Artist Spotlight: Bernie Fuchs (on painting, illustrating, and knowing when to stop)

fuchs  fuchs3

Aren’t these paintings by illustrator Bernard Fuchs amazing?  They feel completely effortless and easy (although, I’m sure they were anything but effortless or easy!)  Notice how many of the paintings/drawings are pretty much monochromatic (blue or yellow).  I love that!

This “effortless” feeling in Bernie’s work requires so much conceptual planning, a trusty relationship with you hands and fingers (no, I’m not trying to make a joke.  It’s harder than you might imagine!) and the oh-so-dificult knowledge of when to stop working.  It’s far, far to easy to over work a piece of artwork.  Often the most beautiful aspect of the piece are the “incomplete” parts.   Bernie allows the under painting to show through, leaves sketched lines, uses big strokes, and chooses not to “refine” 90% of the painting.  I’m so impressed and challenged by his techniques.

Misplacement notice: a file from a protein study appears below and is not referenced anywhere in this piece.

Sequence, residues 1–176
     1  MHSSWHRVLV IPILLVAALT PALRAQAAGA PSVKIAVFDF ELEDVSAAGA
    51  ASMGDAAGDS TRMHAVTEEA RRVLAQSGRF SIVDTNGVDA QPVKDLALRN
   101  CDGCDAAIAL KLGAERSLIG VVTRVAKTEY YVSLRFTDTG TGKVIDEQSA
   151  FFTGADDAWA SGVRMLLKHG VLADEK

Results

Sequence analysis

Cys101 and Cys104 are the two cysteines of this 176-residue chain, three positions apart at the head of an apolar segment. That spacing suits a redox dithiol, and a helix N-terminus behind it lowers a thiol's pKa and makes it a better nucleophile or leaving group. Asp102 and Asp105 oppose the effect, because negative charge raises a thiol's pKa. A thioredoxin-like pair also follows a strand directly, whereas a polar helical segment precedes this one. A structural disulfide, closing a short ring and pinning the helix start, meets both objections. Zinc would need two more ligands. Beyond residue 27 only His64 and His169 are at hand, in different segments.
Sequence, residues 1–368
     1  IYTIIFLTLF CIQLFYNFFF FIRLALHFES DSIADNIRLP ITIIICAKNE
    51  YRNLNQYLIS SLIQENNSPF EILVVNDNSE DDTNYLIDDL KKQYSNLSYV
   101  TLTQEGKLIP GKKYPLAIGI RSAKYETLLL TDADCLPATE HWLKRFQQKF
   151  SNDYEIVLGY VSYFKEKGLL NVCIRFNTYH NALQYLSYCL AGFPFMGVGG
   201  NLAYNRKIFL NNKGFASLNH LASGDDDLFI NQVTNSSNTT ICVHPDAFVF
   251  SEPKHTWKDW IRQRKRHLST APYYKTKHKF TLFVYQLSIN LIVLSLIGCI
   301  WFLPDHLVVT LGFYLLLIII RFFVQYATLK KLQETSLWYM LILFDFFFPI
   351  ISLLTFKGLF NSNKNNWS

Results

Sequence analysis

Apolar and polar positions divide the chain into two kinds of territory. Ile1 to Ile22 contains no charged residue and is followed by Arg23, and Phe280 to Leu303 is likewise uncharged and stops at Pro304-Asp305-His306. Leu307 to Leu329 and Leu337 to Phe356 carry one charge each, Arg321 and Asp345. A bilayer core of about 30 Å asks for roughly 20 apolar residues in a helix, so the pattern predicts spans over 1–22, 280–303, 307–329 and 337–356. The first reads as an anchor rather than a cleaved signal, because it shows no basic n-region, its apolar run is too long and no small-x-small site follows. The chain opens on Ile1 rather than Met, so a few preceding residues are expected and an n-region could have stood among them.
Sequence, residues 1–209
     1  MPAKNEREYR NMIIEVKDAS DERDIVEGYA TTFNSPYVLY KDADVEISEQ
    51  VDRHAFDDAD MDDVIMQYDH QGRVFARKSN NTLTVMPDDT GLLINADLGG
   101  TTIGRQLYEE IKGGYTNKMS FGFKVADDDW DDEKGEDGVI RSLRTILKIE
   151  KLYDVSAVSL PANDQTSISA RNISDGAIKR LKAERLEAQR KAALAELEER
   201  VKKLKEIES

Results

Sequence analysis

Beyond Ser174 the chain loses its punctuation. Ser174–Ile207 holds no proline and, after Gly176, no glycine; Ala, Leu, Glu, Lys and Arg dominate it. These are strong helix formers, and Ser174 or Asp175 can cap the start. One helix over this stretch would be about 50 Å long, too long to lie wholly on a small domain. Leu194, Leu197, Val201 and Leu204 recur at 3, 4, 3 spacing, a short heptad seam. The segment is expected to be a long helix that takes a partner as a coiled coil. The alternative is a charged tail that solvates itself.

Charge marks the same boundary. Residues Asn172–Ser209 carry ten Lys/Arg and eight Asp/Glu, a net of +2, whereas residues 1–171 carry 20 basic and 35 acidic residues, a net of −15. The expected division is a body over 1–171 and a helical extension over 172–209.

Bernie Fuchs lived and worked in a pretty amazing time in America (both in and outside of the “art world”) and has been an influence in illustrations and artists ever since.  He died in 2009.

Check out this beautiful flickr gallery full of Bernie Fuchs’ work, as well as this blog post by David Apatoff.



  • Bernie Fuchs inspired me in the 1970s, his illustrations in Sports Illustrated were gorgeous. We will never see this level of work again because the market for this work has gone along with the real art directors of those days who commissioned and gave the artist freedom to create. Today, it’s gotten mundane and me too and this has to do mostly with the art market.


  • After stumbling onto your post, I’m tucked away at our public library with my Laptop, Photoshop and iPad Pro ready to escape into Bernie’s technique and see what I can absorb through a painting session of my own. Retro allure at its finest. Thank you for the post, Emily.


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